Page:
Evolution of the Concept of Acute Respiratory Failure
Traditional Indications for Invasive Mechanical Ventilation
Why Revisiting the Traditional Indications Is Appropriate
Does Every Ventilated Patient Need to Be Intubated?
Does Every Intubated Patient Need to Be Ventilated?
Indications for Mechanical Ventilation in Different Clinical
Apnea and Impending Respiratory Arrest
Acute Exacerbation of COPD
Acute Severe Asthma
Acute Hypoxemic Respiratory Failure
Heart Failure and Cardiogenic Shock
Acute Brain Injury
Implications of Recent Research on Ventilator-Induced Lung Injury
Contraindications to Mechanical Ventilation
Conclusions and Recommendations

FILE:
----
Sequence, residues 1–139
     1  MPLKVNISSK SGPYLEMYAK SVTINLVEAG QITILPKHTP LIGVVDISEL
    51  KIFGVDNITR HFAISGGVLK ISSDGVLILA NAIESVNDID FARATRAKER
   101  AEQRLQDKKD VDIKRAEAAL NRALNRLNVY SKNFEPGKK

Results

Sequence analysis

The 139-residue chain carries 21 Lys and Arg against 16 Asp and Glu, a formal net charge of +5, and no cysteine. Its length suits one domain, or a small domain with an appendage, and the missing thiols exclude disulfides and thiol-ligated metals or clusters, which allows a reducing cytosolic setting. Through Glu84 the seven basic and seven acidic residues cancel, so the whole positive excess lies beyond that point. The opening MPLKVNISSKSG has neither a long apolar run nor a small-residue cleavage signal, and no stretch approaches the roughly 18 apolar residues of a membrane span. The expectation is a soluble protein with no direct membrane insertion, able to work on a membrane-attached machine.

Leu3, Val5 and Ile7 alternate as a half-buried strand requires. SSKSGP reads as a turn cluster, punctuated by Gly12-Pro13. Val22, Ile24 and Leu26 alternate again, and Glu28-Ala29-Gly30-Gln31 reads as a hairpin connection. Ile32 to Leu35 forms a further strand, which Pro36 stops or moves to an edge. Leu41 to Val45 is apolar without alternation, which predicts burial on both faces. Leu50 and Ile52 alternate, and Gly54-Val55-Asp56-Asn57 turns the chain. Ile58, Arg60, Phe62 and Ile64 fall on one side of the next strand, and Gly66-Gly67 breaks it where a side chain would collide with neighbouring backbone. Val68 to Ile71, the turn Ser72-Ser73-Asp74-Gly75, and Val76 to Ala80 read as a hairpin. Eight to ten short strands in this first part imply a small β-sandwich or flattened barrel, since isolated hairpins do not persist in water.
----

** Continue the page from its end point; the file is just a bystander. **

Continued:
It seems logical that a state-of-the-art conference on the techniques and clinical applications of invasive mechanical ventilation should begin with a systematic review of the indications for using it. However, although there have been hundreds of studies on the technical aspects and clinical uses of ventilatory support, and on the process of discontinuing it once underway, surprisingly little work has been done on the reasons and circumstances for initiating this form of life support. In fact, although some textbooks dealing with mechanical ventilation include introductory chapters on indications, a substantial number do not, and in some books the indications for mechanical ventilation cannot even be found in the index. Reviews and chapters discussing indications usually either rehash the pathophysiology of respiratory failure or transpose guidelines developed for ventilator weaning to the “front end” of the mechanical ventilation sequence. Very few address head-on the question of whether and when a given patient should be intubated and placed on a ventilator.